Buying short-term health plans in California
- California no longer allows the sale of short-term plans.
- Prior to 2019, state regulations limited short-term plans to a term of 185 days.
- Regulators in California expressed concerns about the short-comings of short-term plans.
California law bans the sale or renewal of short-term plans as of 2019
Lawmakers in California passed a bill in 2018 (SB910) that prohibits the sale or renewal of short-term plans in California as of January 1, 2019. The legislation was sent to Governor Jerry Brown on August 21, 2018, and he signed it in late September. So short-term plans are no longer available for purchase or renewal anywhere in California. The sale of other non-ACA-compliant plans, such as fixed indemnity products and critical illness plans, is still allowed.
Prior to 2019, California had its own limitations on short-term plans
California already had its own regulations for short-term health insurance plans, prior to the enactment of SB910. California’s pre-2019 regulations limited short-term plans to an initial term of no more than 185 days. One renewal was permitted, but it also could not exceed 185 days. These rules were in place in California prior to 2017, when the Obama Administration tightened the federal restrictions on short-term plans, limiting them to no more than three months and prohibiting renewals. The Trump Administration relaxed those rules as of October 2018, but state regulations continued to apply. So for the final quarter of 2018, short-term plans were once again available in California with terms of up to 185 days. But the last day to purchase those plans was December 31, 2018.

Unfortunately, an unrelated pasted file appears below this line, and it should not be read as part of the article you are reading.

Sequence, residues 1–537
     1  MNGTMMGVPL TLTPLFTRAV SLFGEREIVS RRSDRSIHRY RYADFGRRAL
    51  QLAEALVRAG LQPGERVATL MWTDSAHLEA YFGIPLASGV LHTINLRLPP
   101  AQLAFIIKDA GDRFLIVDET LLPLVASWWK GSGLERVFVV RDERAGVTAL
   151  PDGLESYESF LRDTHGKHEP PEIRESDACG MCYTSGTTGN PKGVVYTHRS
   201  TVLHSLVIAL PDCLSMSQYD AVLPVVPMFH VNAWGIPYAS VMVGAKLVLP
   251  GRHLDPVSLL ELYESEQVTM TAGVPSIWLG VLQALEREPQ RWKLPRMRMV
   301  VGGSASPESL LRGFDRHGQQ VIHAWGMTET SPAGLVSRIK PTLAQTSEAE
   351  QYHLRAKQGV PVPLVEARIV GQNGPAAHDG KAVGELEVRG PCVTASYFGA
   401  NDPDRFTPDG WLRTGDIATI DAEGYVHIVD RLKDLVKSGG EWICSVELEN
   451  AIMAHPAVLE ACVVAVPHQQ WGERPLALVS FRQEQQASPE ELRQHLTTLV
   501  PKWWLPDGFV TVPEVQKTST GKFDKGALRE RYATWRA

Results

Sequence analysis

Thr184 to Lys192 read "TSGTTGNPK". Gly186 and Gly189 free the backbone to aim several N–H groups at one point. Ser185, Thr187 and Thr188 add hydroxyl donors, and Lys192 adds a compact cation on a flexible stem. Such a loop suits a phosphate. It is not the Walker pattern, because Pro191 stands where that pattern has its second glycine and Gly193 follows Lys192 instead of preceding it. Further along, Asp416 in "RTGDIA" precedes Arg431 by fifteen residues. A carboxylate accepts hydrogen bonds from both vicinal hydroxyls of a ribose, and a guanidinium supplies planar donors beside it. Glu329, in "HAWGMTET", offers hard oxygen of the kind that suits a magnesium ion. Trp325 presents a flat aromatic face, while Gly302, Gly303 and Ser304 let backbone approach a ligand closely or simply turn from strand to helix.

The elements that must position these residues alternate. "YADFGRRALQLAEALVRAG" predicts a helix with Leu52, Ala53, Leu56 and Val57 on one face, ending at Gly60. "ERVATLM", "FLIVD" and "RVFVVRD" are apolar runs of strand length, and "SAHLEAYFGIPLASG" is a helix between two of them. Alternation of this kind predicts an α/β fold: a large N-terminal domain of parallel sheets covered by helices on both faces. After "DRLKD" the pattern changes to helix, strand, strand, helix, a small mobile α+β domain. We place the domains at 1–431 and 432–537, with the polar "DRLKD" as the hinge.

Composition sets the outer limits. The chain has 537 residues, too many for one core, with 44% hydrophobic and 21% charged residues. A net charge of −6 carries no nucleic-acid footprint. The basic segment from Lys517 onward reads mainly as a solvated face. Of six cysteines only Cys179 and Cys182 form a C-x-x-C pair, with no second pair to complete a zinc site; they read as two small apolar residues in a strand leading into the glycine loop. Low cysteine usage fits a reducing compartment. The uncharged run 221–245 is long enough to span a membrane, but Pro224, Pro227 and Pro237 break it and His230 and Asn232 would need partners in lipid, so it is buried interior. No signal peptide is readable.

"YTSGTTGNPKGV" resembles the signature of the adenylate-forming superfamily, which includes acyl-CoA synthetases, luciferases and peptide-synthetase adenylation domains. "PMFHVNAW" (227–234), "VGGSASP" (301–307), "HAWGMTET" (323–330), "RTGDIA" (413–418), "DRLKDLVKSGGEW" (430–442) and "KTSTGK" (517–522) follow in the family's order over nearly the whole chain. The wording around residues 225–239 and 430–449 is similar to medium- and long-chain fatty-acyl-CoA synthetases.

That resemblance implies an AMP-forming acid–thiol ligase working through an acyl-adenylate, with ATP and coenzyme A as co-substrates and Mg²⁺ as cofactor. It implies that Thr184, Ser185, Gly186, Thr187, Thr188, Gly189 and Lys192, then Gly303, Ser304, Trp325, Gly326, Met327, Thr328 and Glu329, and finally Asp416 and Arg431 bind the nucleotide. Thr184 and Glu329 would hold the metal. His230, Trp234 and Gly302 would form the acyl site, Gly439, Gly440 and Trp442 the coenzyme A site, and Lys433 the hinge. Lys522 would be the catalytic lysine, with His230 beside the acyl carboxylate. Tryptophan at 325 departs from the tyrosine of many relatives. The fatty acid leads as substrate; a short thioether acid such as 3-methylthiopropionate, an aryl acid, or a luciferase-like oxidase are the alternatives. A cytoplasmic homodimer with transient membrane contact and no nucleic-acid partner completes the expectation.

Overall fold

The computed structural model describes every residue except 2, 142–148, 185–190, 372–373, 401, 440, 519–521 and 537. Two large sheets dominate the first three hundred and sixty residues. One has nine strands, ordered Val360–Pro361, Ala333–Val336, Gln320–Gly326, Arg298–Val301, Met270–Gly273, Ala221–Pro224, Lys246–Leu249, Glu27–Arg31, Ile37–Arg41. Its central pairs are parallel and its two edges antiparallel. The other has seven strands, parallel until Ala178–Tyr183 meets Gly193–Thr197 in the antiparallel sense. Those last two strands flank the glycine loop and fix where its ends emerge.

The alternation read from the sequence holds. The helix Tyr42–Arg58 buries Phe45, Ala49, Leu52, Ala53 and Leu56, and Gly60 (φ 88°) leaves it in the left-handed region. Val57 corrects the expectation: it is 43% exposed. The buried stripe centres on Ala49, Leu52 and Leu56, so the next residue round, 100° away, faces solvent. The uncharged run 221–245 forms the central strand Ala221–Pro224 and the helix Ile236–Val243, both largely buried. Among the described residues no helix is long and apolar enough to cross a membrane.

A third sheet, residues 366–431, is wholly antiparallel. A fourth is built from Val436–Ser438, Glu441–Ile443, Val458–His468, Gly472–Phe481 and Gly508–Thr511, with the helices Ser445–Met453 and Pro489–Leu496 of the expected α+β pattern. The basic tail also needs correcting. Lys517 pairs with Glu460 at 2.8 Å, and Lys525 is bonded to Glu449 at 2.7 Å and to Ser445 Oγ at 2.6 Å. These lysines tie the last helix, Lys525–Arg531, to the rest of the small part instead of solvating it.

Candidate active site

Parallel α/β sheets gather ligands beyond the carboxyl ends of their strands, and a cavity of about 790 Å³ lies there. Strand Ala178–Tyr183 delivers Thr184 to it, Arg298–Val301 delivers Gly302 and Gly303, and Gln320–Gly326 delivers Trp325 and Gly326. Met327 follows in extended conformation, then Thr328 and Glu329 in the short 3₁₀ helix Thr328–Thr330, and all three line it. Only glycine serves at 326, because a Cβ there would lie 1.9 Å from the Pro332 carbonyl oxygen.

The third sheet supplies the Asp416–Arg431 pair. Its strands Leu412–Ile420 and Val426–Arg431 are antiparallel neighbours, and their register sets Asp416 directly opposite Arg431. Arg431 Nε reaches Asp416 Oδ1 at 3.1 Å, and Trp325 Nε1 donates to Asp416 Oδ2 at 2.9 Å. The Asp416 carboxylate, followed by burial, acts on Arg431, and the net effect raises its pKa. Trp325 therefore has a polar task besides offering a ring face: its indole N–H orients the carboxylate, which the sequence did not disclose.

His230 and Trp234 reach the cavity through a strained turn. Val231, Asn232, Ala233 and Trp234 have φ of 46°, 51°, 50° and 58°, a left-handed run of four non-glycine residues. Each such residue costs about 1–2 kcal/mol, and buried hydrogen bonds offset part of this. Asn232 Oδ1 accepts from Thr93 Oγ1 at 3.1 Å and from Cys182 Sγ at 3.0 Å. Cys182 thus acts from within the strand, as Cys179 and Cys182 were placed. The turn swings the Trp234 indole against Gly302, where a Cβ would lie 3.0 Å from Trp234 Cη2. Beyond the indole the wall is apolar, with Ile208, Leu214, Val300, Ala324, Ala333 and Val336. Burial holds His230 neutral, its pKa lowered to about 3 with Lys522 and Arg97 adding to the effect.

Regulators had long-standing concerns about short-term plans
There were fewer than 10,000 short-term plans in effect in California at the end of 2017 – as opposed to 1.4 million people with ACA-compliant coverage purchased through Covered California, the state’s health insurance exchange.
Regulators in California addressed short-term plans – and their shortcomings – on several occasions. In October 2017, immediately after President Trump issued an executive order directing federal agencies to expand access to short-term plans, California Insurance Commissioner, Dave Jones, issued a press release stating that “increased sale of short-term policies that don’t cover essential health care needs or comply with most rules that apply to health insurance will harm consumers and create health insurance market instability.”
In February 2018, the Trump Administration proposed new rules for short-term plans (essentially rolling back the restrictions that the Obama Administration had implemented). The new rules were finalized in August 2018.
But in April 2018, Commissioner Jones sent a letter to the Trump Administration, calling the proposed expansion of short-term plans “an attack on the integrity of the nation’s health insurance markets.” Jones expressed his strong opposition to the proposed regulations, stating that “although touted as being an affordable alternative to ACA-compliant coverage, these [short-term] policies return us to a race to the bottom rather than providing a meaningful alternative.”
And ultimately, California decided to simply ban short-term plans altogether. Kaiser and Blue Shield of California were among the health insurers that supported SB910, calling for a ban on short-term health plans. Notably, however, Anthem Blue Cross was the only major California health insurer to oppose the measure. None of those insurers directly sold short-term health insurance in 2018, but Anthem Blue Cross partnered with IHC to market short-term coverage in California prior to 2019.
Louise Norris is an individual health insurance broker who has been writing about health insurance and health reform since 2006. She has written dozens of opinions and educational pieces about the Affordable Care Act for healthinsurance.org. Her state health exchange updates are regularly cited by media who cover health reform and by other health insurance experts.